Your handy one-stop-shop for film news, interviews, articles, and videos from the week that was.
The spring of 2020 saw Cannes employing a defiant “the show must go on” attitude, insisting that they’d stage an in-person festival and announcing a series of postponements until they ultimately cancelled. (Of course, that didn’t stop them from staging an elaborate ceremony to unveil the films that would’ve been in their lineup.) This year, they’ve acted more decisively and moved their event from May to July. This shift will invariably cause ripple effects throughout the fall festival season but it’s been met with enthusiasm by the film industry.
Of course, there’s still some business to be tended to with the 2020 film year. Namely: having several more voting bodies announce who they’ve determined to be the “best” in various categories. While the Oscar nominees won’t be announced until March 15, the Independent Spirit Awards have unveiled their ballot. Eliza Hittman’s Never Rarely Sometimes Always leads the pack with seven nominations, while Minari and Nomadland also put in strong showings. (Vancouver audiences should finally have the chance to see those films in the next few weeks.)
Hittman’s film premiered at last year’s Sundance Film Festival, where it claimed its first accolade: a Special Jury Award for Neorealism. This year’s edition of the preeminent American festival is now underway, albeit with attendees tuning in from the comfort of their own homes rather than braving the snowy streets of Park City. There’s no shortage of press on the year’s first major film festival, including IndieWire‘s Sundance bible, which includes their reviews, interviews and features.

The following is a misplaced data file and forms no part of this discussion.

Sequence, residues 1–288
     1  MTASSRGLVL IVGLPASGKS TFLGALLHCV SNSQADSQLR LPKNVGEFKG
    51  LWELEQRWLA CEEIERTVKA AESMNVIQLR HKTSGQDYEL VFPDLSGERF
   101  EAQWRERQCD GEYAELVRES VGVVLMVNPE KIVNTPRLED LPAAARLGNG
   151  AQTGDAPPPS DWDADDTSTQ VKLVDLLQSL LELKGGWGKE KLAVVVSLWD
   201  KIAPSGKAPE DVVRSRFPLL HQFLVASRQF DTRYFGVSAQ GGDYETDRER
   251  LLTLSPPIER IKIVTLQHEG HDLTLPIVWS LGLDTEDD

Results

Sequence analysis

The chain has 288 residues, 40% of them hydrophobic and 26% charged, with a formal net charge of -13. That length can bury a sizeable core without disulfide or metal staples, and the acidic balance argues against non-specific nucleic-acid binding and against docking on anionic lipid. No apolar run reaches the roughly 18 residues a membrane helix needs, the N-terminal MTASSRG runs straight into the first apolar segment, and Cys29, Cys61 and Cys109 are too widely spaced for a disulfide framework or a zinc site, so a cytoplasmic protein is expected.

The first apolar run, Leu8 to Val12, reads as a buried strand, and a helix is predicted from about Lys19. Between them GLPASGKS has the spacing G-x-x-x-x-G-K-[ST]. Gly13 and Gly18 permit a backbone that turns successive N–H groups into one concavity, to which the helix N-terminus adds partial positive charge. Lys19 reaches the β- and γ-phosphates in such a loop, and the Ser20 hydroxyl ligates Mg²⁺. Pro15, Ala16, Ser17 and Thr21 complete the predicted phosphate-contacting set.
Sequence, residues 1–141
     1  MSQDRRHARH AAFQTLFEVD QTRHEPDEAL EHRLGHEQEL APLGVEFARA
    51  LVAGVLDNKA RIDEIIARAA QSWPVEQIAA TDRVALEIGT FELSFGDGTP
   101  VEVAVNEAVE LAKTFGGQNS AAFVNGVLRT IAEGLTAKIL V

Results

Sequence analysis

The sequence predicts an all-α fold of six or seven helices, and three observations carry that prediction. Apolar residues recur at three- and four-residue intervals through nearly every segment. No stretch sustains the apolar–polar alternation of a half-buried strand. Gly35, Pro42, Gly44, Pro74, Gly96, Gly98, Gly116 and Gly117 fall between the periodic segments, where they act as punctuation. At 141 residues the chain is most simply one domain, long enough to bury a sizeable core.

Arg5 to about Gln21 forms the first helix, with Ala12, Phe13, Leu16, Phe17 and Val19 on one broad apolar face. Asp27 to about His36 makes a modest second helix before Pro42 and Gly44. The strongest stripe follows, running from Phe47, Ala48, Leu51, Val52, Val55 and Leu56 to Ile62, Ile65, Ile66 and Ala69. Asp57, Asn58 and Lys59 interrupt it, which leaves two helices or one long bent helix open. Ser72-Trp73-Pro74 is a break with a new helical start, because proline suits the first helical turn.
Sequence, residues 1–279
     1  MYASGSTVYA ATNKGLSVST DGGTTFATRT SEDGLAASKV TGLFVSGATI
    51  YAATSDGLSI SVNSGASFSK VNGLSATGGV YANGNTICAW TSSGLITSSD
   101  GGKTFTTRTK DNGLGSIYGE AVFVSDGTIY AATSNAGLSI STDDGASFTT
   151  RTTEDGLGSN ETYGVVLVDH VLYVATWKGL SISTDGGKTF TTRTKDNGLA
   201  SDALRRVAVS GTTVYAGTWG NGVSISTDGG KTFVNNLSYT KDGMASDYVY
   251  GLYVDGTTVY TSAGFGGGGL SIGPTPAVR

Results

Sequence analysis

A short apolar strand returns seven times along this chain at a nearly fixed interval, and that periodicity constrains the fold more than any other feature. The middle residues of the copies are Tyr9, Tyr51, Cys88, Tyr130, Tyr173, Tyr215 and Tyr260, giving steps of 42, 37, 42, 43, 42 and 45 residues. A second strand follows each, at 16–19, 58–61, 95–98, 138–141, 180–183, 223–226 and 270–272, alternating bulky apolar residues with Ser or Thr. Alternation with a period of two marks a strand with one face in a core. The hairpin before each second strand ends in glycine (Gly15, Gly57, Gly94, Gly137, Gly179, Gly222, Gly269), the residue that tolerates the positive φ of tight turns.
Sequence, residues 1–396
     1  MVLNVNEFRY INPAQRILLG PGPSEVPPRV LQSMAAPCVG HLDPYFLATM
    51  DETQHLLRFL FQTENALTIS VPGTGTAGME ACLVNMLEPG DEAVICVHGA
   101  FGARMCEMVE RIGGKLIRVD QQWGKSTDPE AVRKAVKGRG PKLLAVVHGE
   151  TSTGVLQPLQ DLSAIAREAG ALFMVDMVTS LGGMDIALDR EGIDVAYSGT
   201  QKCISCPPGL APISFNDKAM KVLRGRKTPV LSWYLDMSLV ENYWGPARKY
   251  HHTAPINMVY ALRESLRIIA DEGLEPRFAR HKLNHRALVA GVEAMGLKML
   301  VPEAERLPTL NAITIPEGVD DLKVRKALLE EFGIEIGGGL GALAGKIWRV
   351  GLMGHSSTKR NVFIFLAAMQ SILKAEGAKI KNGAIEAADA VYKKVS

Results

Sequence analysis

Ninja Thyberg’s boundary pushing Pleasure is one of the Sundance titles amassing buzz in advance of its world premiere. Originally destined for Cannes 2020, the film examines gender roles and power dynamics in the adult film industry. In an interview with Screen’s Wendy Mitchell, the Swedish director explains, “We’re literally turning the camera around to show the other angle. I wanted the scenes with sex workers to be about something else than what people expect.”
As Sundance was getting rolling on Thursday, news broke that pioneering actress Cicely Tyson had passed away at the age of 96. Writing for The New York Times, Robert D. McFadden recounts, “In a remarkable career of seven decades, Ms. Tyson broke ground for serious Black actors by refusing to take parts that demeaned Black people. She urged Black colleagues to do the same, and often went without work. She was critical of films and television programs that cast Black characters as criminal, servile or immoral, and insisted that African-Americans, even if poor or downtrodden, should be portrayed with dignity.”
Having screened as part of last festivals short forum, Will Niava’s ZOO now gets the Criterion treatment. The short is paired with Michael Haneke’s Code Unknown on the Criterion Channel while Will sits down with Alex Proulx to discuss his immigration from Ghana to Canada, police brutality and the making of his powder keg film. “With everything happening in the States these last years, I wanted to talk about abuse of power from a Montreal point of view. These things happen in Canada, but they’re always hushed. You’ll never see anything on the news. You’ll only find out if someone happens to capture an incident on their phone or from your barbershop. My barbershop’s where I hear all the stories about people being harassed by cops or the metro police.”
Finally, the National Film Board marked International Holocaust Remembrance Day on Wednesday by releasing Daniel Schubert’s Martha. Schubert’s short documentary traces his grandmother’s journey from Auschwitz to Winnipeg and crafts a portrait of an indomitable survivor.